Dr. Nathan Lord has woken up in the jungles of Bolivia to the sound of giant beetles – as big as clenched fists with 8-inch wingspans – buzzing through the trees like helicopters.
In Vietnam, he ate water-bug soup and pasta with stir-fried wasp pupae. He’s pulled the wings off huge cicadas in the Amazon, cooked the muscle and used it on pizza like sausage.
“I was one of those quintessential kids that liked insects since when I was three and never grew out of it,” said Lord, who’s collected bugs from Madagascar to New Zealand, Rwanda to Brazil.
Now the enthusiastic, first-year Georgia College assistant professor faces a beast of a bug. It’s not big. In fact, it’s tiny – less than half an inch long. But it has killed hundreds of millions of ash trees in the United States in the past 15 years.
And it’s heading this way.
“They’re very pretty beetles and super-economically important, because they’re destroying all our ash trees,” said Lord, one of few who studies this beetle.
“The problem can show up overnight,” he said. “By the time you see the damage, it’s too late. It’s severely impacting a couple ash species to the point we may not have any more left in the U.S.”
The emerald ash borer is a shiny jewel-colored beetle that bores through tree trunks to lay eggs. Its young feed on inner bark, disrupting the tree’s flow of water and nutrients.
Experts believe infestation started with a single male and female, arriving in a lumber or furniture shipment from Asia. The emerald ash borer has no natural predator in the U.S. The bug is so aggressive, trees die within two or three years. All 16 ash species in the U.S. are at risk. Their hard wood is used to make baseball bats, hockey sticks, oars, furniture and tool handles – so the plague is costing millions.
First detected near Detroit in 2002, the beetle has appeared in 30 states. By 2013, it had spread to northern Georgia. In December, the U.S. Department of Agriculture (USDA) quarantined 44 more Georgian counties – including forests as far south as Lamar and Jasper. Firewood, wood chips, compost, sawdust and other materials cannot be transported in or out of these areas.
Now the destructive beetle is only a few miles away from Central Georgia woods in Monroe, Putnam, Hancock, Bibb, Jones and Baldwin counties.
“The emerald ash borer is a terrible, invasive species for the North American continent,” said junior biology major Stephanie Forsman of Lawrenceville, who works in Lord’s entomology lab.
“I go on vacation all the time with my family, camping in the Smokey Mountains in Tennessee. If you look on the mountainside,” she said, “you’ll see all these dead hemlock trees, and it’s because of another invasive species called the woolly adelgid. It’s something I care strongly about.”
Working with Xavier University in Ohio, Lord and students are creating a DNA database of beetle species. The repository will be housed at the USDA website, where educational institutions and government agencies can go for information.
The emerald ash borer is one 15,000 known species of jewel beetle. As an expert on this beetle family, Lord is responsible for collecting their DNA – putting Georgia College in the leading role for finding a solution to the ash problem. He hopes to have a working database of information by May.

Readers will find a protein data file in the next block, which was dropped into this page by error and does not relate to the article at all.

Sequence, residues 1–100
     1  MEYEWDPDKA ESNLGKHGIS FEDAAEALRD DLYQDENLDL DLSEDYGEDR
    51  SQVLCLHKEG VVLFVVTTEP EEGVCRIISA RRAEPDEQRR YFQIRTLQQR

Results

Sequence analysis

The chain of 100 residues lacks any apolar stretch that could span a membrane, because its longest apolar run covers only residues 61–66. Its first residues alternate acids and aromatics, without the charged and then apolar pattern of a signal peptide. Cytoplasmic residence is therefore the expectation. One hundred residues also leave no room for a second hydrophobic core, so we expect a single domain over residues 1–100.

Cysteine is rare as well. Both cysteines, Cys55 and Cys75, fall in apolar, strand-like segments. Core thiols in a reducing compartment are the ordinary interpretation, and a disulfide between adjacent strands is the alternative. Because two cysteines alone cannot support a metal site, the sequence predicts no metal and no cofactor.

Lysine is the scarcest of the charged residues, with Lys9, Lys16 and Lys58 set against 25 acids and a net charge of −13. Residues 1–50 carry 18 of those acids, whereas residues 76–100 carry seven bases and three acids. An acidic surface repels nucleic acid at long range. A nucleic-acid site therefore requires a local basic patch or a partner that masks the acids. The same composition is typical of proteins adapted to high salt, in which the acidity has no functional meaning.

“We know how they mate, but we don’t know how they find one another,” Lord said. “Although they seem to have visual behaviors, when I looked at the molecular aspect, the genes you have in your eye to recognize color? Beetles don’t have them. They can’t see blue.”
How does a beetle that shimmers in shades of greenish blue find each other, if it can’t see blue? They may see blue by changing their visual genes in some way, Lord said. Answers could lead to changing DNA patterns, so beetles can't see host trees or find mates - thus slowing reproduction and their path of destruction.
The emerald ash borer mates in the spring. Its young eat wood underneath bark for two to three weeks, before emerging as adults. Each female lays up to 90 eggs in its three-week lifespan. Eggs hatch in 7 to 10 days. Infestation spreads quickly.
To get beetles to study, Georgia College students are forming a wasp watchers group – the only one in the south outside Louisiana State University. This spring, they’ll go to old baseball fields, seeking the dusky-winged beetle bandit – a wasp that feeds jewel beetles to its young. The wasp tunnels under baseball diamonds, where sand is well-packed. Kaolin mines around Milledgeville might also attract this wasp, Lord said.
“Identifying the beetles without the wasp would be near impossible, because they’re so super small, microscopic almost,” Forsman said.
Students are learning how to collect beetles, extract muscle for DNA sequencing and enter data into the repository. Along with Forsman, two other biology majors are involved: juniors Dorianna Dobson of Rome and Payton Burriss of Washington, Georgia.
But pressure is on for an answer that can’t come quick enough for millions of dying trees. We’re outnumbered: Compared to 5,500 species of mammals – there are half a million species of beetles.
One in five living organisms on Earth is a beetle.
“Invertebrates, things without a backbone, comprise about 80 percent of the diversity of life on earth. But relatively speaking,” Lord said, “they’re fairly understudied because they’re creepy and crawly.
“They’ve been here a long time, millions of years. Insects were around when the dinosaurs were here,” he said, “and they’ll be around long after humans are gone.”